Jun 22, 2022 - Politics & Policy

Cause of Surfside building's collapse remains elusive after a year

Memorial signage lines a fence blocking the site of the building collapse that left 98 dead in Surfside, Florida.
A memorial on a fence at the site of the Champlain Towers South condos in Surfside, Florida. The building collaped on June 24, 2021, killing 98 people. Photo: Deirdra Funcheon/Axios

One year after a 12-story condominium building in Surfside, Florida, collapsed, killing 98 people, the federal agency in charge of investigating the accident has yet to determine the cause.

The big picture: There is no single, obvious trigger for the collapse, investigators have said, and conclusions could take at least another year.

State of play: So far, a team from The National Institute of Standards and Technology (NIST) has cataloged evidence from the Champlain Towers South and will soon begin "invasive testing" of physical evidence.

  • Investigators will cut into steel and concrete samples, and carry out chemical and corrosion testing.
  • They're also interviewing surviving residents, first responders, and others.

Between the lines: Tanya Brown-Giammanco, NIST's director of disaster and failure studies, wrote a blog post in March about why the institute's investigations can take years to complete.

  • "Our engineers and scientists feel a great responsibility to get them right because this work often leads directly to changes in codes and standards that are used when constructing new buildings or renovating existing buildings," Brown-Giammanco wrote.
  • Those code changes could save lives, she added.

By the numbers: While the federal investigation continues at a sluggish pace, two tentative settlements were reached last month involving families of the dead and surviving condo owners.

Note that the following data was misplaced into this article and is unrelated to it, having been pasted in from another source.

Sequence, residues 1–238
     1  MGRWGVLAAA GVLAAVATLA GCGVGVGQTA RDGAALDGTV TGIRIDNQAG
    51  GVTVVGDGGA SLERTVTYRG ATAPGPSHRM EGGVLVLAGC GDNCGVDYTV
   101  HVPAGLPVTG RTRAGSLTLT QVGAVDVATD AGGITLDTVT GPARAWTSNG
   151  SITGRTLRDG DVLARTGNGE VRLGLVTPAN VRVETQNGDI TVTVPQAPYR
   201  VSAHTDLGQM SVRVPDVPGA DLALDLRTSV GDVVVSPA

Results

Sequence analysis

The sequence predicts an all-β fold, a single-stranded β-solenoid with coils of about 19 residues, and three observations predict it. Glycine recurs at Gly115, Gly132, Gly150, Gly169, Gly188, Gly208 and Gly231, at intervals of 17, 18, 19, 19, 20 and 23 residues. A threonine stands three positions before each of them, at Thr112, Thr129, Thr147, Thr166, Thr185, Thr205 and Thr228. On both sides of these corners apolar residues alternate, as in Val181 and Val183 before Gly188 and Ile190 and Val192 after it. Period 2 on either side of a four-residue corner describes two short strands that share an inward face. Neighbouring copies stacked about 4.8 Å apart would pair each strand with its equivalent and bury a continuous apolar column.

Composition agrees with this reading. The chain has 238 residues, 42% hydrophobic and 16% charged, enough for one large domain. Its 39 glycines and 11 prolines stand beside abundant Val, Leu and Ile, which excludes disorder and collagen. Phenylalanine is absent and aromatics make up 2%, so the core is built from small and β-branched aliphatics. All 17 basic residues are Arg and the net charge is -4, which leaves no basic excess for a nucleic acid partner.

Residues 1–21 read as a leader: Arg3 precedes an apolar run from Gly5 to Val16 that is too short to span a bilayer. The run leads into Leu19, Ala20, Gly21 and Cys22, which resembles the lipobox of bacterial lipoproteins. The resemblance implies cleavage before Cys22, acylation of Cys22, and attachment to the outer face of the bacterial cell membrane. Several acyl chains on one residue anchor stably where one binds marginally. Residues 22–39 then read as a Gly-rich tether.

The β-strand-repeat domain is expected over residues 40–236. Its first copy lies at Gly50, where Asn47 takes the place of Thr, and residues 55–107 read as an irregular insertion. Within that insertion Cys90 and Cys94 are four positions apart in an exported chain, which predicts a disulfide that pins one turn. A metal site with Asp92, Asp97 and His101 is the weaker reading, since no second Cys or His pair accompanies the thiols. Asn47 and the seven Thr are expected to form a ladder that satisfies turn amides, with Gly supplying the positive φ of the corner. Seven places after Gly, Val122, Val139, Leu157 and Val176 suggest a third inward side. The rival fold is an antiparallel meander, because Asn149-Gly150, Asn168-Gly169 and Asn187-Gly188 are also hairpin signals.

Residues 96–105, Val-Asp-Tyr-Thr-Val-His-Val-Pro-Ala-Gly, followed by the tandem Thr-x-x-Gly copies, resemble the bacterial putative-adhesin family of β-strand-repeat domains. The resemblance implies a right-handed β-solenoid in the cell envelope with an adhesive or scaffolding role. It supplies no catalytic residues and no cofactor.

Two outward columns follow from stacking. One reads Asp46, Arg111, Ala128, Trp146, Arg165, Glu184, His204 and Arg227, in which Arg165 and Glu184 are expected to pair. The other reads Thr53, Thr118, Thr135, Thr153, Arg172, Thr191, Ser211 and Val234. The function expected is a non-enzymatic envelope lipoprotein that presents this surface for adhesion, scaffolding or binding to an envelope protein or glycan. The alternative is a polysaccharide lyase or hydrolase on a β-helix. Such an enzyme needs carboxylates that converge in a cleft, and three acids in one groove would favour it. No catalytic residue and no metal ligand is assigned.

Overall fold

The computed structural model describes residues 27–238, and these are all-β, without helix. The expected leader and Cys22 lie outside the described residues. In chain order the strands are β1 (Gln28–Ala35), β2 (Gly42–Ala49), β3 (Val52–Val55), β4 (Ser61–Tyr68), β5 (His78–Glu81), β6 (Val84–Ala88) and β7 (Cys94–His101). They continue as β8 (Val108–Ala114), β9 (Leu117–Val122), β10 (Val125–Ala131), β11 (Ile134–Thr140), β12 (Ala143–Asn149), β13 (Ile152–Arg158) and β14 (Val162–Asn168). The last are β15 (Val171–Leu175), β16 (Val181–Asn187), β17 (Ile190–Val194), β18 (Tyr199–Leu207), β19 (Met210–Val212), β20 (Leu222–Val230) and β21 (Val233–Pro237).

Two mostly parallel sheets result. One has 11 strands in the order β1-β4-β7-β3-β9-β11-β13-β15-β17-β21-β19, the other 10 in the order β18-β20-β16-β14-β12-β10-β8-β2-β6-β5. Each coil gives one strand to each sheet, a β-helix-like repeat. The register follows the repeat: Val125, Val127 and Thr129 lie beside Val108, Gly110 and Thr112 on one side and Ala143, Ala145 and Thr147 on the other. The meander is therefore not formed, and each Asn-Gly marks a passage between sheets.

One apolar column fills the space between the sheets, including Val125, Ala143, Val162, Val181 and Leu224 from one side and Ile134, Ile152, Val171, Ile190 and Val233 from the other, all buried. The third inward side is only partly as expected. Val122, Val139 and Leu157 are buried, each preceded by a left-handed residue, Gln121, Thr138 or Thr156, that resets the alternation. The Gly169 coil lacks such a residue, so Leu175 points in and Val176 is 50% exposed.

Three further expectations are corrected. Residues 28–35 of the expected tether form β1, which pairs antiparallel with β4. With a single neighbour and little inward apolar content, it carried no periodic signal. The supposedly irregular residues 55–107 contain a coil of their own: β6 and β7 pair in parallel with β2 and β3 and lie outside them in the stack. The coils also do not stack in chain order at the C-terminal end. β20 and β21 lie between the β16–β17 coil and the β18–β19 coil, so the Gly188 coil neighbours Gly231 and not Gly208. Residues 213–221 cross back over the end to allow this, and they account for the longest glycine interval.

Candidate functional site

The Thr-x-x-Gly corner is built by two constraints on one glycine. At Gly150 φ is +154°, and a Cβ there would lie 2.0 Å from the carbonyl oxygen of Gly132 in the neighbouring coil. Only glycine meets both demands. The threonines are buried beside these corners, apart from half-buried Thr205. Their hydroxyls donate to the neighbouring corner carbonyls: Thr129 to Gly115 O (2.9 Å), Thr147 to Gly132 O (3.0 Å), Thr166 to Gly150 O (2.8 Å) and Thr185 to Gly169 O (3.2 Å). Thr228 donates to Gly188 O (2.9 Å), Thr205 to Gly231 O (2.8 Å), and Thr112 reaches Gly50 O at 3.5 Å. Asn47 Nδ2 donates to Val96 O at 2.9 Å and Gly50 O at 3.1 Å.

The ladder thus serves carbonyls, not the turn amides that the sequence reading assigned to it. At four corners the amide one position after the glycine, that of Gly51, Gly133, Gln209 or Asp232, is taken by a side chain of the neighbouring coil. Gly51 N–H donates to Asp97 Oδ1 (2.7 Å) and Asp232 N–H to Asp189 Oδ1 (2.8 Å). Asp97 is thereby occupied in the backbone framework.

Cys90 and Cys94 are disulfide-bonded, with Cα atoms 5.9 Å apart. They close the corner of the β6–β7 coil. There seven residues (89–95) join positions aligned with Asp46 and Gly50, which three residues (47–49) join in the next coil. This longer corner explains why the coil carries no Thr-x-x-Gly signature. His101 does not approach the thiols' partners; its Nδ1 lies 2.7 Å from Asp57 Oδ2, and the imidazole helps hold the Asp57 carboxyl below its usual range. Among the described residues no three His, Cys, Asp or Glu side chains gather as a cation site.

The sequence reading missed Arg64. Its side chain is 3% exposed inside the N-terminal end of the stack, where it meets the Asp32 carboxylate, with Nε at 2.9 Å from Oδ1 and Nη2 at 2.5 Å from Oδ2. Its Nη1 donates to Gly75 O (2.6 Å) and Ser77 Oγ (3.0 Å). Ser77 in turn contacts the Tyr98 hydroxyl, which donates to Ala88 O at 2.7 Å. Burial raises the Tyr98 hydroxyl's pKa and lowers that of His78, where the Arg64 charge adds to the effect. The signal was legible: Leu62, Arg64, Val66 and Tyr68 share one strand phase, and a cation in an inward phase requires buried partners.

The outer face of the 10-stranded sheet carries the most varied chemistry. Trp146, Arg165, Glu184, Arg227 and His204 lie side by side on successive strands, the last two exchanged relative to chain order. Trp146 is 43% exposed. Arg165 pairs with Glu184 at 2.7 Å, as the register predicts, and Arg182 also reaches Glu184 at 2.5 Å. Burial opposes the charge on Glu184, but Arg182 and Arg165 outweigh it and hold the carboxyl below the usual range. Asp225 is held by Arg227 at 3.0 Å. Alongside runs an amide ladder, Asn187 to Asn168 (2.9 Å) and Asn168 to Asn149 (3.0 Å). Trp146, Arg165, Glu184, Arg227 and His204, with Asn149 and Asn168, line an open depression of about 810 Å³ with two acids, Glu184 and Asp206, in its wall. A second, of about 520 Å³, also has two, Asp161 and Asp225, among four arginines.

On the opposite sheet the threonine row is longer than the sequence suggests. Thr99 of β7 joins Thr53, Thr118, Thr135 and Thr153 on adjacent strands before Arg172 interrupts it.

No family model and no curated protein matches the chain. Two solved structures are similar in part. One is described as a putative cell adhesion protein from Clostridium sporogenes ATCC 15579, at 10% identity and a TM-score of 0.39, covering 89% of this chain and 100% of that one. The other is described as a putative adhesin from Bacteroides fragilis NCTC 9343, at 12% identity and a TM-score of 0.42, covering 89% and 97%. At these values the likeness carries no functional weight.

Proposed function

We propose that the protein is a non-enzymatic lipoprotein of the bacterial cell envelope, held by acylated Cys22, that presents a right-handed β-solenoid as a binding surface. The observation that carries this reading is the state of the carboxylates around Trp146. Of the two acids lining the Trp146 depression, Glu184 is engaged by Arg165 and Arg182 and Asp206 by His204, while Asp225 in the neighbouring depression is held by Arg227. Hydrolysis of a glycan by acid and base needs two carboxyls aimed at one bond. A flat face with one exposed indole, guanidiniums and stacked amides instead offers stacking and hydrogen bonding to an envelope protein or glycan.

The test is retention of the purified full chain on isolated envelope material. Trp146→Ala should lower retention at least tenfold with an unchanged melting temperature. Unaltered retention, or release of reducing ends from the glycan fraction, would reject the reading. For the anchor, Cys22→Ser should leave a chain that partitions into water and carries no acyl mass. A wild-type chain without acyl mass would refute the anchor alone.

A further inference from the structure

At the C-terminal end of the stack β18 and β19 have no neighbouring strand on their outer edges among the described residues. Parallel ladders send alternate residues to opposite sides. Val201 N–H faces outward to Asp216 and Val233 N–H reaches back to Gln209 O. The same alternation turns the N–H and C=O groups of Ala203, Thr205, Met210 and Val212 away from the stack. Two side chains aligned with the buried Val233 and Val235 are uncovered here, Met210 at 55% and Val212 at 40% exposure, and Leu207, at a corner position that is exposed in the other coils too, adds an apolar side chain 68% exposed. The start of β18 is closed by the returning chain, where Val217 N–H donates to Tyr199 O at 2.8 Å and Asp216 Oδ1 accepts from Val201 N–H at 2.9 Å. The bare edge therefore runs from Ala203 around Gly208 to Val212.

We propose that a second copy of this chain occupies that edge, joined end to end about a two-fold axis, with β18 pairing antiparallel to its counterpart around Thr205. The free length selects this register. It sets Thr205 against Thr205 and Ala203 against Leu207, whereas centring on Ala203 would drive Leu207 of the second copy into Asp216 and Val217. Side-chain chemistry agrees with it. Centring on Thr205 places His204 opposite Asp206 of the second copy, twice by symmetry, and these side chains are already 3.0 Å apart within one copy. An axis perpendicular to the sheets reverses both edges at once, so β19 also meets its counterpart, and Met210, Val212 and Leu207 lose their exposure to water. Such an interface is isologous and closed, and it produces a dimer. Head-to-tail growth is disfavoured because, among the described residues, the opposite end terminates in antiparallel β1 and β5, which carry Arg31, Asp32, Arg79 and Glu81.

• Families, who must now file claims justifying how much their loved one's life was worth, are poised to receive nearly $1 billion, while around $96 million will be divided among property owners.
  • More than 130 attorneys and staff who helped work out the settlements are now requesting about $100 million in legal fees.

Plus: In May, a developer from Dubai β€” Hussain Sajwani of DAMAC Properties β€” was the sole bidder in an auction to buy the now-cleared condo site, offering roughly $120 million. Sajwani plans to build a new luxury condo there.

What they're saying: Michael T. Fay of Avison Young's Miami office, the real estate broker who handled the site sale, told Axios he expects it would close sometime in July.

  • "We're glad to be able to bring some closure," he said.

But families are still frustrated.

  • "How don't we know what happened after a year? How don't we know who might be liable?" Martin Langesfeld, whose sister Nicole was killed in the collapse, told CBS Miami last week. "We need answers."

What's ahead: Surfside officials have planned a memorial at the site Friday, from 10am to noon.

πŸ—ž This is the first article by Axios Miami's Deirdra Funcheon. Subscribe to the Axios Miami newsletter (launching soon).

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